Copenhagen 2009: Will see a new mechanism for reductions & development?
2009 is a critical milestone in the arena of international efforts to address climate change. With the upcoming UNFCCC negotiations, it is crucial that we now evaluate the efficacy of the 1992 agreements made through the Kyoto Protocol. Assessing the efficacy of the Kyoto agreements is a critical need in order to inform the design of successful strategies this coming December in Copenhagen. International climate change agreements should be a part of an iterative process in which strategies are designed and implemented, learnings are gained and understandings are then applied in the design of future efforts.
As we all know, climate change is a global crisis. That being said, strategies for combatting climate change represent opportunities for economic growth in developing nations. A key component of the Kyoto Protocol that sought to accomplish economic development and reductions in GHG emissions was the clean development mechanism (CDM). The CDM is an innovative arrangement that allows industrialized countries with a GHG reduction goal to invest in development projects that reduce GHG emissions in developing countries. The CDM represents an alternative to expensive reductions efforts in developed nations which at the same time, encourages economic growth in developing nations where typically, GHG emissions levels are steadily increasing with growing populations and energy demands.
CDMs: How effective are they?
To give you a sense for the scale at which these projects operate, 1,128 CDM projects have been registered (as of July, 2008) with 4,000 projects in the process of certification. Given that the energy sector is typically the largest emitter of CO2 in most countries, the energy sector has become the largest recipient of CDM projects throughout the world with China and India being the dominant national recipients.
Criticism against the efficacy of CDMs has recently increased as economists and scientists have begun to see flaws in the design of the mechanism and abuse in the CDM regulatory process. Perhaps, the greatest accomplishment of CDMs to date lies in the fact that their presence in the global market has raised valuable awareness in developing countries and among investors around the urgent need to reduce global GHG emissions. However, the goals of the CDM are not to raise awareness; the goals are to actually reduce emissions.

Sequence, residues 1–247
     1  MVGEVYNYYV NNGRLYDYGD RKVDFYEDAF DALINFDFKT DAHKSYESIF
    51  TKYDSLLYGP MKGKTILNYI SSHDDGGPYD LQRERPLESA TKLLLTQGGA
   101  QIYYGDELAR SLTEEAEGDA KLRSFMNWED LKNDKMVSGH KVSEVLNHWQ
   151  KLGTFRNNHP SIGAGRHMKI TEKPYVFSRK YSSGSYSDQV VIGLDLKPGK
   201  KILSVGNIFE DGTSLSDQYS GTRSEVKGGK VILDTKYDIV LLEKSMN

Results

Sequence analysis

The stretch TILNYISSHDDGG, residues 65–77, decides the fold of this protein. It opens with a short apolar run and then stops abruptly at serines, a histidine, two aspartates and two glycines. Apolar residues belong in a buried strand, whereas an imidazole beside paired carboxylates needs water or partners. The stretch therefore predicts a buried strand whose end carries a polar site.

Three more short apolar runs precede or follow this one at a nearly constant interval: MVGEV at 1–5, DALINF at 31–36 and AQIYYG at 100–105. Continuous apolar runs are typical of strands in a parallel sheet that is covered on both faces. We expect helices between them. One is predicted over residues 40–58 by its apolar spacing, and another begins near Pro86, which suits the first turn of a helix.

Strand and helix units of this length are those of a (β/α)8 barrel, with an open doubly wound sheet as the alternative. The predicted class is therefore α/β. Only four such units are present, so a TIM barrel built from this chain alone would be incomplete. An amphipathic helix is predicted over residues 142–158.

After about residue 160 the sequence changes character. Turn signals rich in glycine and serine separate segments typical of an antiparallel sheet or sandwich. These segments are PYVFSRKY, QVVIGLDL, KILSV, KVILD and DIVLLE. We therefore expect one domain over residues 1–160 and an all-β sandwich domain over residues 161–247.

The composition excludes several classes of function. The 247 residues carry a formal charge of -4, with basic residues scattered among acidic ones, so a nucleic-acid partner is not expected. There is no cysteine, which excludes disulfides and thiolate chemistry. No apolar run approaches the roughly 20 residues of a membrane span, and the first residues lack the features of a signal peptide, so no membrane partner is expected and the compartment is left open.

Criticisms of CDMs include:
Projects with embellished environmental accomplishments have been approved without the proper certification.
Projects that would have been implemented without the benefits of the CDM are benefiting from the financial support of being listed as CDM projects.
A majority of the certified projects address reductions in GHG emissions but do not focus on CO2 which scientists claim should be most aggressively addressed.
It is too difficult to measure additionality and as a result, a financial and science-based mechanism based on additionality is fundamentall flawed.
How will the talks in Copenhagen be shaped by the lessons learned from the failures and successes of the the CDM since it’s implementation? What innovative new strategies will the international community devise and how will these mechanisms improve upon what is offered by the CDM?
My hope is that we will see a measurable strategy that directly reduces the actual emissions counts of the polluting companies, not one that enables them to continue with current emissions levels. Additionally, my hope is that we will see the US government take a leadership role in shaping a new and more effective strategy for emissions reductions while at the same time setting an example to the international community by rapidly embracing global agreements and enacting the necessary legislation to bring new mechanisms to the market place.